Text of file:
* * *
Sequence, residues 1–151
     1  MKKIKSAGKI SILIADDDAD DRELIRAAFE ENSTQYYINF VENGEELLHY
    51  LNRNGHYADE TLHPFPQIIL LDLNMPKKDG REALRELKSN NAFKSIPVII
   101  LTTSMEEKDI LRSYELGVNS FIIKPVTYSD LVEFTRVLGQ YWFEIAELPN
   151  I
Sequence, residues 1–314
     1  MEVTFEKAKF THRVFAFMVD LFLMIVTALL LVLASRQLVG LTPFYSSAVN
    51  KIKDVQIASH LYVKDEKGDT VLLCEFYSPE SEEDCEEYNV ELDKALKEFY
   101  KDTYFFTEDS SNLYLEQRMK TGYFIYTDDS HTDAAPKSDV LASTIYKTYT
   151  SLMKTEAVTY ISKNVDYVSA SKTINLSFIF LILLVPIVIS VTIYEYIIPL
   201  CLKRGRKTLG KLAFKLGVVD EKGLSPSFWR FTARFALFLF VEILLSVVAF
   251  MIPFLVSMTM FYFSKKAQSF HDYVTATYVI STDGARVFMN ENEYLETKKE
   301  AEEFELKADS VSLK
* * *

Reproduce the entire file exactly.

Sequence, residues 1–151
     1  MKKIKSAGKI SILIADDDAD DRELIRAAFE ENSTQYYINF VENGEELLHY
    51  LNRNGHYADE TLHPFPQIIL LDLNMPKKDG REALRELKSN NAFKSIPVII
   101  LTTSMEEKDI LRSYELGVNS FIIKPVTYSD LVEFTRVLGQ YWFEIAELPN
   151  I
Sequence, residues 1–314
     1  MEVTFEKAKF THRVFAFMVD LFLMIVTALL LVLASRQLVG LTPFYSSAVN
    51  KIKDVQIASH LYVKDEKGDT VLLCEFYSPE SEEDCEEYNV ELDKALKEFY
   101  KDTYFFTEDS SNLYLEQRMK TGYFIYTDDS HTDAAPKSDV LASTIYKTYT
   151  SLMKTEAVTY ISKNVDYVSA SKTINLSFIF LILLVPIVIS VTIYEYIIPL
   201  CLKRGRKTLG KLAFKLGVVD EKGLSPSFWR FTARFALFLF VEILLSVVAF
   251  MIPFLVSMTM FYFSKKAQSF HDYVTATYVI STDGARVFMN ENEYLETKKE
   301  AEEFELKADS VSLK